20,000 Homes Campaign unites communities to permanently house 20,000 of Canada’s most vulnerable homeless people within the next three years
TORONTO (June 16, 2015) – Today, 21 communities from across the country joined the Canadian Alliance to End Homelessness (CAEH) to launch the 20,000 Homes Campaign, a powerful nationwide campaign that aims to permanently house 20,000 of Canada’s most vulnerable homeless people by July 1, 2018.
The initiative is inspired by the successful 100,000 Homes Campaign from the United States that concluded in 2014, having housed a total of 105,580 people.
The 20,000 Homes Campaign is focused on the ‘most vulnerable’, referring specifically to homeless individuals who are assessed as having high acuity (those with complex needs and at risk of death from homelessness) and/or those who are chronic or episodically homeless. The Housing First approach is a recovery-oriented approach to ending homelessness that centers on quickly moving people experiencing homelessness into independent and permanent housing providing supports and services as needed.
The 21 communities that signed on today are: Kamloops, B.C., Salt Spring Island, B.C., Sechelt / Sunshine Coast, B.C., Calgary, Alta., Edmonton, Alta., Medicine Hat, Alta., Lethbridge, Alta., Red Deer, Alta., Grande Prairie, Alta., Saskatoon, SK., Regina, SK., Hamilton, Ont., Kingston, Ont., Ottawa, Ont., Thunder Bay, Ont., Waterloo, Ont., Simcoe County, Ont., Fredericton, N.B., Moncton, N.B., Saint John, N.B., and Halifax, N.S. Many more cities are expected to join in the coming months.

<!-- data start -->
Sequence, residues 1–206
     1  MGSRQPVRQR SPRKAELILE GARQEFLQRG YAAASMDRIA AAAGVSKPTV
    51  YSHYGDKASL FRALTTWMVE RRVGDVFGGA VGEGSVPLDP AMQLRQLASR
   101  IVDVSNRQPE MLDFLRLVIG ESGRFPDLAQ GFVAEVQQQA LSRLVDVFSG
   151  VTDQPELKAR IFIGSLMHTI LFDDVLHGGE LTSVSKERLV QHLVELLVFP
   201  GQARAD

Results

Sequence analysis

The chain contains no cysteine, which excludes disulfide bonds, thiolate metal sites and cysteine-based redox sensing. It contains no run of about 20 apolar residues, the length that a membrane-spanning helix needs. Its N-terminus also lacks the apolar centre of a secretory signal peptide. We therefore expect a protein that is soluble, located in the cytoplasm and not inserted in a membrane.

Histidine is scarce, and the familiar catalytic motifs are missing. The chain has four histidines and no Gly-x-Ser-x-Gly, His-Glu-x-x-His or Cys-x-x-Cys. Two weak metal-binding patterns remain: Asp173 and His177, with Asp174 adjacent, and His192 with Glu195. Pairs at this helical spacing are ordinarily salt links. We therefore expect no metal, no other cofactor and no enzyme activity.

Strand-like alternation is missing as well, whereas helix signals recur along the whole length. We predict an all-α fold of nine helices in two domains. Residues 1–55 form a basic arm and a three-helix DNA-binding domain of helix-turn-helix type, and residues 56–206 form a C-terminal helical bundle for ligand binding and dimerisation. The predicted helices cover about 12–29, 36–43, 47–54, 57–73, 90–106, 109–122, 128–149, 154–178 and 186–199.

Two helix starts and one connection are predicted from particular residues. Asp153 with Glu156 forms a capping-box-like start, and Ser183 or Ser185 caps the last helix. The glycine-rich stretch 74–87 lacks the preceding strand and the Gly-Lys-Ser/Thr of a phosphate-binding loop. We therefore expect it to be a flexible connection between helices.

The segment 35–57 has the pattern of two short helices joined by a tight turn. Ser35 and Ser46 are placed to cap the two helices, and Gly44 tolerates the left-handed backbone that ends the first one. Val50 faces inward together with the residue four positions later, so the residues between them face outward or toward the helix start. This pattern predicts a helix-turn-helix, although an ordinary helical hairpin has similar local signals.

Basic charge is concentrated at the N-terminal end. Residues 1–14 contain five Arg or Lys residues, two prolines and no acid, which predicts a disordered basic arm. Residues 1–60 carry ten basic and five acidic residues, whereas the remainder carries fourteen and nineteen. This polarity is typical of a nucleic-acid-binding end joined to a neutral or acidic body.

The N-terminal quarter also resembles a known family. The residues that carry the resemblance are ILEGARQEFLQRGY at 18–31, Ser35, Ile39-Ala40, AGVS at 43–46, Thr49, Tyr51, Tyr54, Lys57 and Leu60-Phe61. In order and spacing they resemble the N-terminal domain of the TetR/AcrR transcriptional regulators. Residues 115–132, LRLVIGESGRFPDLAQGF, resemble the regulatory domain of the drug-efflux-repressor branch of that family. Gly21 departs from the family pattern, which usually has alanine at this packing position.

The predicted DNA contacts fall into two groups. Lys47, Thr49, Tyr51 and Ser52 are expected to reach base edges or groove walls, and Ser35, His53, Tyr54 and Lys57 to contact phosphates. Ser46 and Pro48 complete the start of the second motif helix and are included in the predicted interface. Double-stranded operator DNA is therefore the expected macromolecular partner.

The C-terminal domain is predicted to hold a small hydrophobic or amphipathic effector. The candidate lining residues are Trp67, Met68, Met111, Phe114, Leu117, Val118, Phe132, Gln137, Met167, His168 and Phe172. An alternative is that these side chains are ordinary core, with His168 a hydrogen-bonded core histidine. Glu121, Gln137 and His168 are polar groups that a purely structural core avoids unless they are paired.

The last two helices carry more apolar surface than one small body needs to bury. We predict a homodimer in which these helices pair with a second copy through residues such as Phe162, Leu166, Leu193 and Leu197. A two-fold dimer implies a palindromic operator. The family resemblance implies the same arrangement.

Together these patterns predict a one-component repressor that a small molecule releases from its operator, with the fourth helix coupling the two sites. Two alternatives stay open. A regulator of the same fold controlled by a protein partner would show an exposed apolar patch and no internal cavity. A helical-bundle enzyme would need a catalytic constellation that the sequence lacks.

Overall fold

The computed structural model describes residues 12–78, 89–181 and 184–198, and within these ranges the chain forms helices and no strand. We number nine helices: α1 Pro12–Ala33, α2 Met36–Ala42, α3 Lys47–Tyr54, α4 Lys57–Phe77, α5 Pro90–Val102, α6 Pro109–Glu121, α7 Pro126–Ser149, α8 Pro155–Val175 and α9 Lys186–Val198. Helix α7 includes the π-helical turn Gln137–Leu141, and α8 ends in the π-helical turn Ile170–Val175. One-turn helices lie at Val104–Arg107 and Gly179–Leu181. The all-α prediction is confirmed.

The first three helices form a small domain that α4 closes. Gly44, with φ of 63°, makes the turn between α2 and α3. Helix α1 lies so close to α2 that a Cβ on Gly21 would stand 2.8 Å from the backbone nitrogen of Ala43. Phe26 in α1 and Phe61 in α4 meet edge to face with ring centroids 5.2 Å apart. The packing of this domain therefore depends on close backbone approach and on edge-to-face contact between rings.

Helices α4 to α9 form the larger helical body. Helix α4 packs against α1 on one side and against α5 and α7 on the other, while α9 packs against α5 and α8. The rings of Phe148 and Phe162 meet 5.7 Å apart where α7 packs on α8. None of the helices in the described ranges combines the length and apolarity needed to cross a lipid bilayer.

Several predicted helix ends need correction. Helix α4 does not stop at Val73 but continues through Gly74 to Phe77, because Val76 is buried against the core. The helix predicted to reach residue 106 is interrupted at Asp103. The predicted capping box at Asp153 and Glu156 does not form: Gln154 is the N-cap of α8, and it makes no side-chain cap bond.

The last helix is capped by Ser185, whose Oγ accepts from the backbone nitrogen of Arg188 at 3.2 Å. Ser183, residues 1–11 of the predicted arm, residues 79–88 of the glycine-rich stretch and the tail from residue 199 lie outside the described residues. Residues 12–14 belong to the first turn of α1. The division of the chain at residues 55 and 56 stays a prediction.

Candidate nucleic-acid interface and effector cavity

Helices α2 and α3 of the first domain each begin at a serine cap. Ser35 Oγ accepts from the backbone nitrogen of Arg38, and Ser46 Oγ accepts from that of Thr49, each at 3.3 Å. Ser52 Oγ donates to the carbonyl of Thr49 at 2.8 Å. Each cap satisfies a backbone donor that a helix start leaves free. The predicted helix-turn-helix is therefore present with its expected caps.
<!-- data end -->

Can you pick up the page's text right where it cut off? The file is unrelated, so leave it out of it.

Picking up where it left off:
On any given night in Canada, approximately 35,000 people will sleep in a shelter or on the street and over 235,000 people will experience homelessness over the course of a year. Research suggests of those 235,000 as many as 33,000 people are chronic or episodically homeless, meaning they have been homeless for a long time or experience episodes of homelessness over the course of their lives. Chronic and episodically homeless people often struggle with deep poverty, trauma, mental illness, addiction along with complex and often multiple medical problems. Research shows conclusively that people experiencing homelessness have higher mortality rates and a lower life expectancy then other Canadians.
”We’re going to extract every ounce of value we can from existing resources to get people housed,” Richter says, “but to end homelessness in Canada we will need meaningful federal investment in affordable and supportive housing.”
Over the next three years the campaign hopes to build public support for ending homelessness and renewed federal investment in housing and support services.
In October 2014 the CAEH and the Canadian Observatory on Homelessness released the State of Homelessness in Canada report. That report outlined how an additional federal housing investment of $46 per Canadian, per year, for 10 years could effectively end homelessness, reducing length of stay in Canadian emergency shelters to less than two weeks.
To join the campaign, get more information, donate, or to volunteer, please visit www.20khomes.ca